Squats are arguably the most important exercise in your workout arsenal. They are THE best exercise for developing lower body strength and size, provide a kick-ass butt workout, burn calories like a furnace, and are also a functional movement pattern that most of us perform many times a day.

There are several different types of squat including front squat, back squat, and Bulgarian split squat, but without doubt, the hardest squat you can do is the overhead squat.


A post shared by EHPlabs (@ehplabs) onDec 19, 2017 at 2:24pm PST

The overhead squat, as the name suggests, involves performing a squat with the weight held overhead at arms’ length. For the reasons discussed below, this makes the overhead squat not just tough but virtually impossible for many exercisers.

Many programs (CrossFit for one) utilize the overhead squat and it has become an increasingly mainstream exercise in the last few years. But does that mean you should be doing it too? Let’s take a look!

Why do the overhead squat?

The overhead squat is an intrinsic move on Olympic lifting. It’s actually the receiving position in the snatch once the bar has been lifted over your head. Assuming you successfully get the bar over your head, the overhead squat is the difference between a successful lift or red lights on the platform. If you have aspirations of being an Olympic lifter, the overhead squat will be a mainstay of your workouts.

The overhead squat is also a tremendous core stability exercise. When you hold a weight overhead, you lengthen the distance between the load and the fulcrum (your hips) significantly. This makes the weight hard to control and you’ll have to use your natural weight lifting belt (your core) to stabilize your spine. This means that, as well as providing your legs with a good workout, the overhead squat will also strengthen your midsection.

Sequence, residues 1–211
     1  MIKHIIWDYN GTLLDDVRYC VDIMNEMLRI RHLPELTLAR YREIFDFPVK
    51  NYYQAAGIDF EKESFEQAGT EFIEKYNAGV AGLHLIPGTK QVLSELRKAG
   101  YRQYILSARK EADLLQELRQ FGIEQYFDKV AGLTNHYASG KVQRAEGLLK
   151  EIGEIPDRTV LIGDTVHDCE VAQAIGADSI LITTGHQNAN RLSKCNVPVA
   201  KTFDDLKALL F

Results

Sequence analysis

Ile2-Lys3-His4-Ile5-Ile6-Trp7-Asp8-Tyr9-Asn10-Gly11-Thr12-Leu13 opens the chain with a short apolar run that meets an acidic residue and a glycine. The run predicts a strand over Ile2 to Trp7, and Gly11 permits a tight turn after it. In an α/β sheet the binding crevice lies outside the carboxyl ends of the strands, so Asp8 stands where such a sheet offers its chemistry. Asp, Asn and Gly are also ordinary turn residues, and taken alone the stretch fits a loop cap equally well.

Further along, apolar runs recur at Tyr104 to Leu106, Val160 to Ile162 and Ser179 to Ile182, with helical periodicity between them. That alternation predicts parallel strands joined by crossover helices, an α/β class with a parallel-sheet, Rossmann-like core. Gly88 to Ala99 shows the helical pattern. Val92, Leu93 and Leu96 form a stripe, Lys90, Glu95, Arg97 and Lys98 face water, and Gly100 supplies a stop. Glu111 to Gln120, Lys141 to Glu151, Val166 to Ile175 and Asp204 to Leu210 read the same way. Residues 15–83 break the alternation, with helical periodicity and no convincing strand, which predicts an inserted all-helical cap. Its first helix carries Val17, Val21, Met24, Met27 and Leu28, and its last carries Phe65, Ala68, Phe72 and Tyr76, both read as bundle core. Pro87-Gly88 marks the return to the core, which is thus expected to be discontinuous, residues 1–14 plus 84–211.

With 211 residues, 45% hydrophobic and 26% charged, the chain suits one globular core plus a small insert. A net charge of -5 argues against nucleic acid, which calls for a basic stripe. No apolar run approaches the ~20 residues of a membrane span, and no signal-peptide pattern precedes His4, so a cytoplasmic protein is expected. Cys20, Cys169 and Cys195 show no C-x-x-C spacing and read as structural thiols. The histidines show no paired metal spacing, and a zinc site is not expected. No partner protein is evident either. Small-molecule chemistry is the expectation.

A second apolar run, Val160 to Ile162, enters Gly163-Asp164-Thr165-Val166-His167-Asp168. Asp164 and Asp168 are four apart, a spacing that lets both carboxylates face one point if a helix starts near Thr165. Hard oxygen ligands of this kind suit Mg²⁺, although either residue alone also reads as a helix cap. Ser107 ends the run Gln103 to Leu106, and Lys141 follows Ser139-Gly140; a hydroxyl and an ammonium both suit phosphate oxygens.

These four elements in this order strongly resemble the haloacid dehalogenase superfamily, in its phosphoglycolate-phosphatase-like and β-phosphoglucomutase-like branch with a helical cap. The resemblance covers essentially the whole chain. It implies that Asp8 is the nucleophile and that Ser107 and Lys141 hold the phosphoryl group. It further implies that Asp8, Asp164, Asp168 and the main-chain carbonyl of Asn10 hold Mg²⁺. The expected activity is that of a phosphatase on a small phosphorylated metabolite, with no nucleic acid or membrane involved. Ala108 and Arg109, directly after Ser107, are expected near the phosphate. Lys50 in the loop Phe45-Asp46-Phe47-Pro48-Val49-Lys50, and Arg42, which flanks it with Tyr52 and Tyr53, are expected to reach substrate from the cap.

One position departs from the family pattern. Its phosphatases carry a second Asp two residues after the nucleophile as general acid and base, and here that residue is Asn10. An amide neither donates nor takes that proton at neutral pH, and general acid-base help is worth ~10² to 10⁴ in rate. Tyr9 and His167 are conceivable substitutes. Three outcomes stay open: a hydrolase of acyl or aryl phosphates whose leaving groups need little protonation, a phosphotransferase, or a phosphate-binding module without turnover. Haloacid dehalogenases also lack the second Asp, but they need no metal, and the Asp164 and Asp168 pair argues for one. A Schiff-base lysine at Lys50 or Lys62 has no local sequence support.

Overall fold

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Holding a weight overhead is tough on your shoulders too. You’ll develop great shoulder stability as you squat more and more weight.

Squatting with a weight overhead also requires and develops tremendous flexibility and mobility. You cannot lean as far forward as you would in a back squat so your hips must be flexible to squat with any meaningful depth. Also, keeping your arms extended overhead and the weight over your feet requires excellent shoulder and thoracic spine mobility. All in all, the overhead squat is like trying to do a tough gymnastic move with weights.

Finally, and closely linked to the above paragraph, the overhead squat is a frequently used movement screening test that highlights mobility and flexibility issues. Used by physical therapists and personal trainers, the overhead squat reveals flexibility and mobility limitations that can then be addressed with targeted stretching and strengthening exercises.

A full explanation of the overhead squat screening test and how to interpret the results is beyond the scope of this article but some of the things that it will highlight include:

  • - Heels lifting – tight calves, poor ankle mobility

  • - Loss of neutral spine – tight hip flexors and hamstrings, lack of core strength

  • - Knees collapsing inward – weak abductors, tight adductors

  • - Unable to fully extend and hold arms overhead – tight lats and pecs

  • - Weight travels forward during the squat – immobile thoracic spine

  • - Unable to stabilize the weight – weak shoulder stabilizers, boor balance

Learning the overhead squat